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Do we really need public funded journalism?

By Chris Lewis - posted Thursday, 19 October 2017

Public funding for journalism is not necessary in Australia, despite the Australian government's current negotiations with the Senate for a $60 million innovation fund over three years to provide cadetships for Australian owned media organisations (particularly regional) that have been disrupted.

I argue this despite Facebook and Google being accused of cannibalising the content of Australian journalism; concern that News Ltd and Fairfax Media control around 86 per cent of newspaper circulation; and some looking to the European democracies which provide public assistance to aid media start-ups through subsidies and tax incentives/concessions.

For example, Sweden provides annual payments up to a third of total revenue based on a criteria that includes having less than 30 per cent market share and at least 51 per cent original editorial content.


First, the term 'quality news' remains overstated given that politics/policy has always been a divisive topic in a world where various players (individuals, nations and corporations) will always disagree over the best ideas for economic and social policy success.

As acknowledged by Johanna Vehkoo in a 2010 Reuters Institute's Study of Journalism paper,

Trying to define what quality journalism means is a bit like unwittingly taking part in the age-old debate about what is art and what is not. At first look, quality seems to be a very subjective thing, depending on one's own interests, knowledge and preferences, even politics … There are no universal quality criteria carved in stone. Judgments of quality are often culture-specific, or related to one's socio-economic background, level of education and so on.

It is not that most major key issues are not being reported in Australia. One can observe considerable media attention being given to energy sources and costs, housing affordability, immigration levels, education standards, levels of private and public debt, and social welfare needs and spending.

However, in an increasingly competitive economic environment, one which is fuelled by rising public and private debt levels which does have obvious policy limitations in the longer term, most Western governments (including Australia) are struggling to balance various economic and social policy considerations.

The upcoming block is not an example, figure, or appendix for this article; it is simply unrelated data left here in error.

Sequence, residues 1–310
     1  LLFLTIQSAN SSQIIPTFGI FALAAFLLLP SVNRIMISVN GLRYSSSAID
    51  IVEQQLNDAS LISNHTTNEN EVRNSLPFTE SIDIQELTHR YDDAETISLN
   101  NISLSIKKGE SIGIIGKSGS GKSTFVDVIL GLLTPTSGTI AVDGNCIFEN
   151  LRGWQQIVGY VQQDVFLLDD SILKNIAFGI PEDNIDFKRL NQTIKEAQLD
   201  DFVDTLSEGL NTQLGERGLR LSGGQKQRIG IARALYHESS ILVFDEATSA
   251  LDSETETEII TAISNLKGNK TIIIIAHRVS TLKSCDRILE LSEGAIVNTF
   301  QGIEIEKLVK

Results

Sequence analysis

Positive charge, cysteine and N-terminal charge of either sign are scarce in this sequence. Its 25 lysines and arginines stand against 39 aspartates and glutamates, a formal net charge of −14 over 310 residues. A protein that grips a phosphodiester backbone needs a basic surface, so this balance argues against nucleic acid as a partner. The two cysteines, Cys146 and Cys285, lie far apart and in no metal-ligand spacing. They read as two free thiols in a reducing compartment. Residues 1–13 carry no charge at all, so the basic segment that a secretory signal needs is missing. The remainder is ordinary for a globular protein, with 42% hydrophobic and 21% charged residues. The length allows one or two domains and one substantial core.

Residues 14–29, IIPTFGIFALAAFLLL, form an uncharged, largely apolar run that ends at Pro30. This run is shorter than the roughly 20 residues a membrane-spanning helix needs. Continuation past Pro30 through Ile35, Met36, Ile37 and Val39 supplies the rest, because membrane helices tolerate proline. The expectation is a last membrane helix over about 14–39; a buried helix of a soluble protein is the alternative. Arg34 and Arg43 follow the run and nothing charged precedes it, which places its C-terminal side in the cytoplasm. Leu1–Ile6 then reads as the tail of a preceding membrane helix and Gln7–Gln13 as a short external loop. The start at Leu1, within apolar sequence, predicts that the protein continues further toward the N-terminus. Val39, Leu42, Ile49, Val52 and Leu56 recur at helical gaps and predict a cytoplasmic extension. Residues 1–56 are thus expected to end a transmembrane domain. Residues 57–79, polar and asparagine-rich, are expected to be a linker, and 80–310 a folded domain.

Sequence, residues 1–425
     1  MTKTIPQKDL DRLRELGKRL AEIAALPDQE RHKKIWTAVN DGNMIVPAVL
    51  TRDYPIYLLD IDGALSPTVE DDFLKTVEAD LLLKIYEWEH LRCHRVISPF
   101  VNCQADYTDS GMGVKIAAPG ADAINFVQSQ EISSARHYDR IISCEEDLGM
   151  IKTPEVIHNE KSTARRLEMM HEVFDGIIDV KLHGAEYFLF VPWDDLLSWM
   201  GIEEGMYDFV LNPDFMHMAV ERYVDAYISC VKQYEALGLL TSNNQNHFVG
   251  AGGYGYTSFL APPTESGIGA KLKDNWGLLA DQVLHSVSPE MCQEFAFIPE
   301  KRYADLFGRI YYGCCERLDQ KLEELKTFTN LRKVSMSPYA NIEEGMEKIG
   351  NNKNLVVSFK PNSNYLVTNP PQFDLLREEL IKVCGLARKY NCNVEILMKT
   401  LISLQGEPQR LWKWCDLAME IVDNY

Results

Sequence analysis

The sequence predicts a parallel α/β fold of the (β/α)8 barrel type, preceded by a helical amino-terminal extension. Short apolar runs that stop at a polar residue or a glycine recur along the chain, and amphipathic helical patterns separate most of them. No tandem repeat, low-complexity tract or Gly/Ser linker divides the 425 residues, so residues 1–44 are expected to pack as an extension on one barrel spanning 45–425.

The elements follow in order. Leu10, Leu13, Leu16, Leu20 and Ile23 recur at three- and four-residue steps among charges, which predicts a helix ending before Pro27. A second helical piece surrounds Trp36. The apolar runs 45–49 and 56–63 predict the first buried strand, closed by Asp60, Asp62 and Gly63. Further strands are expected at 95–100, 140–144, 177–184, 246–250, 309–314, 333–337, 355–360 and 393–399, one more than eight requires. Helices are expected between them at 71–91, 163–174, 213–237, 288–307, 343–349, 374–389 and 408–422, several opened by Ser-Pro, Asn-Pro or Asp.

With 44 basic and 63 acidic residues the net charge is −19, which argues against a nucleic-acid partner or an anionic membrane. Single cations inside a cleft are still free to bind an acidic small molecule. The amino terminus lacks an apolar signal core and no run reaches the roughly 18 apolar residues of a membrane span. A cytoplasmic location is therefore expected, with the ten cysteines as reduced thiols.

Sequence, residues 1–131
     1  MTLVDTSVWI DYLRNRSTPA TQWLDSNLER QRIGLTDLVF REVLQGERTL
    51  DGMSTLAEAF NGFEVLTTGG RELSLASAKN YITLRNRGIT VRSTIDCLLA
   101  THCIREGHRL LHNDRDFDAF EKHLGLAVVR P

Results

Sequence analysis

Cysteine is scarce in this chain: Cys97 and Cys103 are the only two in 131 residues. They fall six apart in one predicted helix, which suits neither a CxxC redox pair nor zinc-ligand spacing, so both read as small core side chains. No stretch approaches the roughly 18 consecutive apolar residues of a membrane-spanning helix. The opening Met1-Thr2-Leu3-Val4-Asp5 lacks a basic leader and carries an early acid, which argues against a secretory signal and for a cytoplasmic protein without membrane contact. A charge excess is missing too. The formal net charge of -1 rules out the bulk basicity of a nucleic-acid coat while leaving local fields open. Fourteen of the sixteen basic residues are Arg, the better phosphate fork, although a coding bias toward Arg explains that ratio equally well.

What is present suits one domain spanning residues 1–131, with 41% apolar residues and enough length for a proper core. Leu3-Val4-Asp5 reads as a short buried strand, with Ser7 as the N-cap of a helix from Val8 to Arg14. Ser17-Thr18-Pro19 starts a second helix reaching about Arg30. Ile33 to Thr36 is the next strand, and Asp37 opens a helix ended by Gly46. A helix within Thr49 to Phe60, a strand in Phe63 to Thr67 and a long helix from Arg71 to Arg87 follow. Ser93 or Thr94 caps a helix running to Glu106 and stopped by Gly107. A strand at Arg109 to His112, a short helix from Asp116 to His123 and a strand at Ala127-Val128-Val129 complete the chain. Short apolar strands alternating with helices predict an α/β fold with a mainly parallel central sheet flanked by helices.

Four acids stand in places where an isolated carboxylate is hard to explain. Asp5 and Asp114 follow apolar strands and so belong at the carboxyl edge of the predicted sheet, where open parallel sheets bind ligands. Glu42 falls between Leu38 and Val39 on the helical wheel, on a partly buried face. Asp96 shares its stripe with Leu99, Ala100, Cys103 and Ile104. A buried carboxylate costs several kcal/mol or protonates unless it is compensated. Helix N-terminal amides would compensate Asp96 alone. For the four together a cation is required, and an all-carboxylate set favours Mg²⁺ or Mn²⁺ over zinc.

With various journalists and media outlets bickering over the appropriate extent of government intervention with regard to key economic and social policy issues, a battle crucial to any effective liberal democracy, just who is wrong or right on each policy issue is a matter for public debate and subsequent political decisions.


However, despite over 2500 Australian journalism jobs being lost during the past six years, Australians still have an abundance of written information to draw upon.

As The Economist predicted in 2006 on the basis that news reporting had already survived "the huge television-led decline" in newspaper circulation since the 1950s, a few newspaper titles will survive and continue to invest in investigative stories that benefit society "as long as their owners do a competent job of adjusting to changing circumstances"; even if the quality publications have to "put up the price of their journalism to compensate for advertising revenues lost to the internet".

And despite 2017 concern that new players (such as the Global Mail) did not survive, Australia now has its own versions of The Guardian and Huffington Post. In addition, The New Daily started in 2013 as a free online news source with funding provided by Australian Super, Cbus and Industry Super Holdings.

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About the Author

Chris Lewis, who completed a First Class Honours degree and PhD (Commonwealth scholarship) at Monash University, has an interest in all economic, social and environmental issues, but believes that the struggle for the ‘right’ policy mix remains an elusive goal in such a complex and competitive world.

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